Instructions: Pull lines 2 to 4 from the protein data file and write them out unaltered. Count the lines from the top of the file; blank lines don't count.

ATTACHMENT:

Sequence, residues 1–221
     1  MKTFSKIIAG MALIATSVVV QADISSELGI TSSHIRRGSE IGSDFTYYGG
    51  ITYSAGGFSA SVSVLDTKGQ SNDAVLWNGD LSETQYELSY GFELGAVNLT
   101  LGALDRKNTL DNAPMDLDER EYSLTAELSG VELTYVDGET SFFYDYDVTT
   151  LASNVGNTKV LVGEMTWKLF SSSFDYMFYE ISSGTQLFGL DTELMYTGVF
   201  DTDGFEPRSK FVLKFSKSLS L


     1  MKTFSKIIAG MALIATSVVV QADISSELGI TSSHIRRGSE IGSDFTYYGG
    51  ITYSAGGFSA SVSVLDTKGQ SNDAVLWNGD LSETQYELSY GFELGAVNLT
   101  LGALDRKNTL DNAPMDLDER EYSLTAELSG VELTYVDGET SFFYDYDVTT